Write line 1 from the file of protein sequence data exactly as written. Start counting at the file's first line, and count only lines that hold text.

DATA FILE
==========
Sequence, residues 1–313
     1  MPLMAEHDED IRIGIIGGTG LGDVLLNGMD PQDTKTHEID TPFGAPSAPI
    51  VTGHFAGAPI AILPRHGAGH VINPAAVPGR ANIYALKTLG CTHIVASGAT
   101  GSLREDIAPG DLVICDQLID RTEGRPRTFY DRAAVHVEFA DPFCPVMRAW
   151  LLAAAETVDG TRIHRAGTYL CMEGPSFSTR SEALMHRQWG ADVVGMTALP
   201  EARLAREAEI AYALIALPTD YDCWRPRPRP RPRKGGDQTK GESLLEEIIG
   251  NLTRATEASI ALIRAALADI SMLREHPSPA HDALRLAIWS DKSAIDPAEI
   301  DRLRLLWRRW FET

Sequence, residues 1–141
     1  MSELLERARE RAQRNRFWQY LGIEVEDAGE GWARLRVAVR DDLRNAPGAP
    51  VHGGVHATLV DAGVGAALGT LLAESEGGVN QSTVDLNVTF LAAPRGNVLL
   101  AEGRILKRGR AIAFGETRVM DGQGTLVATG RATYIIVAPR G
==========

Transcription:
Sequence, residues 1–313